30 June, 2008

A Nimble Dance of Diction

Here's a snappily written dissection of the "progressive dilemma."

I feel Marshall has hit on something pretty important--something about which I would especially like to hear from Elliot--namely, what it means to change the status quo.

I won't lie, I'm a pretty big fan of where he's taking this thought train. The whole thing goes back to Spence's "Obama Under the Microscope," but I think it's valuable in that it goes beyond just looking at Obama's individual positions on issues and takes a turn at the larger Rubik's Cube of the electorate's role in reigning in problematic government.

And he does it all with witty metaphors and evocative imagery! Huzzah!

1 comment:

Elliot said...

Right, this is kind of what I was trying to get at a while back when I thought out loud (in response to Eremita's comparison of Obama to Kennedy, I think) that looking to Obama as a hero would ultimately lead to disillusionment. (Unless, as in the case of Kennedy, he is martyred.) And I think it's starting to. But I think, actually, that it's leading to a good kind of disillusionment, and a kind that Obama himself will hopefully be pleased at: the disillusionment is with the idea that voters can vote for the right person and then let go of the reigns; the idea that voters are followers and not catalysts. That is a state of mind that it will be healthy for us to get disillusioned with.

Also, part of this "progressive dilemma" is just, as I uncharitably see it, a failure on the part of progressives (and I consider myself one) to appreciate that they are only part of a larger ideological coalition/spectrum, and that its not only unrealistic but also a bit self-centered to expect every four years that a candidate will arise whose platforms fit MoveOn's exactly, and then be so piously disappointed when a candidate for national office doesn't totally agree with them.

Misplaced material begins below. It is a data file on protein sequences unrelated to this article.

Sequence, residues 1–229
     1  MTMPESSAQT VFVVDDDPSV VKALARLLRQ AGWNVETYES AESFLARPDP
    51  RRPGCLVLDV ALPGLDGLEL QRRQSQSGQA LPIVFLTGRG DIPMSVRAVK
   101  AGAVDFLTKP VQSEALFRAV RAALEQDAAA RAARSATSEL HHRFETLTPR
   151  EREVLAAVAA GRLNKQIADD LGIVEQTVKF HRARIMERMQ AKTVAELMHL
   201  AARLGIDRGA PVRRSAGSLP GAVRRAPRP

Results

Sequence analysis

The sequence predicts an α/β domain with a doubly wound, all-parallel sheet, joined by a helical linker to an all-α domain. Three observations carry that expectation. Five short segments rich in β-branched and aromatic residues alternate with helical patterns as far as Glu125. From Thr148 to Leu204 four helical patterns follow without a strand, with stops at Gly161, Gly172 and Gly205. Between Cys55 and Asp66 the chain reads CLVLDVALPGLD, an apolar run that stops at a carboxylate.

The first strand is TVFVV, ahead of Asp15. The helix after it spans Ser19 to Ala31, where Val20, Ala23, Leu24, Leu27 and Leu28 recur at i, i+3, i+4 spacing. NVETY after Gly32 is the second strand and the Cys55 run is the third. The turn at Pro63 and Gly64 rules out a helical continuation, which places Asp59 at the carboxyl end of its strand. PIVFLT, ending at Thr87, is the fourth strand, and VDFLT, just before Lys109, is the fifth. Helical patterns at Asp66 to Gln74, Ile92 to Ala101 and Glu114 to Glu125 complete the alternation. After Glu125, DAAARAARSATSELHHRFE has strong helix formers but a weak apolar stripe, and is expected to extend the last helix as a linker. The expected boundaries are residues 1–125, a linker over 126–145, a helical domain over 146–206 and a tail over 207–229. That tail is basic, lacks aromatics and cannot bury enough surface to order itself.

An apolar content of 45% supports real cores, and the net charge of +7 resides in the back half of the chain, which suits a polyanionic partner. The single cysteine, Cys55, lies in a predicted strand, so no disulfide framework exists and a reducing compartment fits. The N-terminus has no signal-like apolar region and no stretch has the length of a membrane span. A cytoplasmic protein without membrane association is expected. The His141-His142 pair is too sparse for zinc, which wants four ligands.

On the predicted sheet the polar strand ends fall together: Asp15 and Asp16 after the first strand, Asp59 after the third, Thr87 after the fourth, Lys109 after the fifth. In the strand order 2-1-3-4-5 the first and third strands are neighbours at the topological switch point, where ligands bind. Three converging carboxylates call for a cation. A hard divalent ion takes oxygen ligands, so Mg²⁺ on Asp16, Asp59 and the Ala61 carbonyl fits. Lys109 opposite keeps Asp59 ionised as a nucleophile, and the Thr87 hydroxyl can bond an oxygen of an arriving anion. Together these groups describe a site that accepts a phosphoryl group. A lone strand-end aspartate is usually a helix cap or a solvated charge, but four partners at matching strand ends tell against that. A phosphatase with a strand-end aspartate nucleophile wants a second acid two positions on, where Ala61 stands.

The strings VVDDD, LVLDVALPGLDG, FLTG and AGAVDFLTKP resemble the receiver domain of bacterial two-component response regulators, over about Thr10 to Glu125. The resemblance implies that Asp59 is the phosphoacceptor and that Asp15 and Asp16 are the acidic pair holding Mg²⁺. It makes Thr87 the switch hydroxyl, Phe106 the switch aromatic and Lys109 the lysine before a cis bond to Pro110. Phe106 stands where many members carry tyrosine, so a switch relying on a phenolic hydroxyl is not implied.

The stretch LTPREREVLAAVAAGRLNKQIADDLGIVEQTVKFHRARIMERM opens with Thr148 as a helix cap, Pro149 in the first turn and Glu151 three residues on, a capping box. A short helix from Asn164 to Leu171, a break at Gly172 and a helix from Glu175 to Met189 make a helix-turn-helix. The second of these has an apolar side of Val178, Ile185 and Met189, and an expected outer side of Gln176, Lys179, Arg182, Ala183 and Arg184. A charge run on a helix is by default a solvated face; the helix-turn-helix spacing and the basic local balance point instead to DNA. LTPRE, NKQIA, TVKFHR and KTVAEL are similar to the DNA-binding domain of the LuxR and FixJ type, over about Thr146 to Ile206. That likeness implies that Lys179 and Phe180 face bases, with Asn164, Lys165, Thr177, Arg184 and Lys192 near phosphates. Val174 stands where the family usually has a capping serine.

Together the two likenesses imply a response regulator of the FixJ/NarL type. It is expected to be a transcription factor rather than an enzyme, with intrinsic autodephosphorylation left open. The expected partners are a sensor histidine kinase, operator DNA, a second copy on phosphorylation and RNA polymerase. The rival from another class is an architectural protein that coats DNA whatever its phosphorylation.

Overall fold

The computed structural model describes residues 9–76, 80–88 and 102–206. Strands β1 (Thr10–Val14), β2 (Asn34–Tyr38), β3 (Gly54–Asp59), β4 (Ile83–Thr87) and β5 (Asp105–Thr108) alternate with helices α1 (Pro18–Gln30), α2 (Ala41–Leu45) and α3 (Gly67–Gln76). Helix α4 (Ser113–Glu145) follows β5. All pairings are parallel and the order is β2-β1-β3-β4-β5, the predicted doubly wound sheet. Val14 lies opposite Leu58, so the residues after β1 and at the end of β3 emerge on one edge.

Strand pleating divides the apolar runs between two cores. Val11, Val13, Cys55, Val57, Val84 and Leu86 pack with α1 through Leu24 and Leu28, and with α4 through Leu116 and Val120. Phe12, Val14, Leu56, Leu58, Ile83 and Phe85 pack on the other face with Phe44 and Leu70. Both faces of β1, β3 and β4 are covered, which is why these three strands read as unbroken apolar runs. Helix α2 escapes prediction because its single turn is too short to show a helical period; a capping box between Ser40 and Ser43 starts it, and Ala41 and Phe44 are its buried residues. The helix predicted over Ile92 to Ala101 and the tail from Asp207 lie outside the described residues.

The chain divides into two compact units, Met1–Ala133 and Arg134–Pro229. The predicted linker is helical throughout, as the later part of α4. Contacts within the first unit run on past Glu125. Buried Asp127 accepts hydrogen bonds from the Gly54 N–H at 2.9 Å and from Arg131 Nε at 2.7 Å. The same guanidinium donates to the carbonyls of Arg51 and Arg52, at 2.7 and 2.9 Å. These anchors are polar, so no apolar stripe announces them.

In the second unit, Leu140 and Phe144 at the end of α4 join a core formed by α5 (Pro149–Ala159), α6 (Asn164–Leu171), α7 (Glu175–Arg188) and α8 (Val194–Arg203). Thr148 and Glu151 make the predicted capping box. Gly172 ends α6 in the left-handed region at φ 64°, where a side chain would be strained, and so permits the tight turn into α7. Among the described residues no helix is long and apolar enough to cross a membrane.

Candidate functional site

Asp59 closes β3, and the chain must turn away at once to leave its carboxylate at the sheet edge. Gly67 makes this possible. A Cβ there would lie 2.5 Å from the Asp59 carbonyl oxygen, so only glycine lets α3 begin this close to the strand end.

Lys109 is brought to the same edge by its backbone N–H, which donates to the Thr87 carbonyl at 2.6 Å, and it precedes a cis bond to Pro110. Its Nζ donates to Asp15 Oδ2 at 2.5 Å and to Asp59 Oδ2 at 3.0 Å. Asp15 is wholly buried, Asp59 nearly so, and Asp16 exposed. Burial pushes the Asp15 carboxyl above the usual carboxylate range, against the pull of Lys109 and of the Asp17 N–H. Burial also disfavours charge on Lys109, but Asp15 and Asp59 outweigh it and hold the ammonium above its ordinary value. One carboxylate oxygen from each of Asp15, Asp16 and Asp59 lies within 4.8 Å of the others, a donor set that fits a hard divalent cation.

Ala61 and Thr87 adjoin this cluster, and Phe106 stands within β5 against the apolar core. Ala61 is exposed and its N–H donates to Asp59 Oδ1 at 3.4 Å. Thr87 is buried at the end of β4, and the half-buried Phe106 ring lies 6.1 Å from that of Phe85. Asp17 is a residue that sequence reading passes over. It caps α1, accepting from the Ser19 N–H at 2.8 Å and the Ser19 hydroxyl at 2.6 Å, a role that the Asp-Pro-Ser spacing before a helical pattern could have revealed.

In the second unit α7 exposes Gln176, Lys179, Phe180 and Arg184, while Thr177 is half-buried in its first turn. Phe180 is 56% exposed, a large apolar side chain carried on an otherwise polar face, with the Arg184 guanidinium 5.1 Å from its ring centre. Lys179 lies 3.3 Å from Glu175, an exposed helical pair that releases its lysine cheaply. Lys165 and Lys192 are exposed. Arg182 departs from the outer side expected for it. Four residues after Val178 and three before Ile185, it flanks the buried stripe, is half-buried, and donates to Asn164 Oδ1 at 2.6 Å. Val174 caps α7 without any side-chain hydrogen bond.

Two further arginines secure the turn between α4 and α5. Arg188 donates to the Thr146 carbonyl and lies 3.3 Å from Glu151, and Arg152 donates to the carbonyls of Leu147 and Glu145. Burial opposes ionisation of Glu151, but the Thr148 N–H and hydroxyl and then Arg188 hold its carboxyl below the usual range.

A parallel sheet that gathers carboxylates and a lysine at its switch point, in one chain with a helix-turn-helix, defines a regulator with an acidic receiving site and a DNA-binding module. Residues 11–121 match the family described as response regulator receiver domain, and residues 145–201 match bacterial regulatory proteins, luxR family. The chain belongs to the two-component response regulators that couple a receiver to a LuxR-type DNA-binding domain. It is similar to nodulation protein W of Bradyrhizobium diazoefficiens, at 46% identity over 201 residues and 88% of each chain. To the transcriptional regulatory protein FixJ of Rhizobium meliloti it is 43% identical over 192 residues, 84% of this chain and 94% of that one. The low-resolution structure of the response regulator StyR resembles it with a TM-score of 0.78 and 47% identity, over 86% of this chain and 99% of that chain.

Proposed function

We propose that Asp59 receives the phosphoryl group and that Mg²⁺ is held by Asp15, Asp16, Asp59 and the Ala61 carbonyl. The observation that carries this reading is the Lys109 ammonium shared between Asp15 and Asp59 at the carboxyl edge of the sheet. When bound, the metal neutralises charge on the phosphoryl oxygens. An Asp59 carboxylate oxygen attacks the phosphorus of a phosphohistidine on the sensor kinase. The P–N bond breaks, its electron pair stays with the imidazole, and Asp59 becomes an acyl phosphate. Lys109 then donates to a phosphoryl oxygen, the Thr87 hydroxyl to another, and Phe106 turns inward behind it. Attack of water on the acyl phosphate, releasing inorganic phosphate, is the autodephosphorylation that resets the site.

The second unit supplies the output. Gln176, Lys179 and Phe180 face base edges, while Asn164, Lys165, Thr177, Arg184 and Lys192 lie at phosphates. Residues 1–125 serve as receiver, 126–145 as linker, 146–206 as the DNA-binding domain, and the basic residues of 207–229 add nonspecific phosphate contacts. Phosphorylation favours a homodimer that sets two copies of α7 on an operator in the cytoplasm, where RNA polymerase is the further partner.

Its not just that Obama is "caving" to the right to get elected (although he may be), but it may also be that he is simply more centrist than progressives projected upon him, or at least more centrist on some issues. For instance, he has maintained his full throated opposition to the war and its "mindset", while his more conservative, nuanced stance on gun control and the death penalty seem to be long-held opinions that doctrinaire progressives found it convenient to not examine until now.

But back to the main discussion. The progressive dilemma can be restated as an axis: on one end of the axis is the idea that change comes primarily through the single person, the great man who imposes his will on the world. On the other extreme is the view that change is the product of decentralized, almost unalterable historical forces, and that the range of options available to a single person are almost nil. Clearly, the true state of things lies somewhere in the middle, but what side you lean to will inform a lot of your view of politics (as well as history, etc). I lean towards the second, and I so I am more apt to note the constraints that Obama is operating under and ask how to alter those constraints, rather than wish Obama would act more like I want him to, or ask how to find someone who is "better" than Obama or to pine for that mystical someone who is.

And I think, in the end, thats what Marshall does in his article - he comes to the conclusion that it is in the voters' hands to work and organize to change the conditions that candidates for office are working under. And I think that there is one big reason that doesn't happen enough: it is incredibly difficult work. Trust me. But its really the only thing we can do.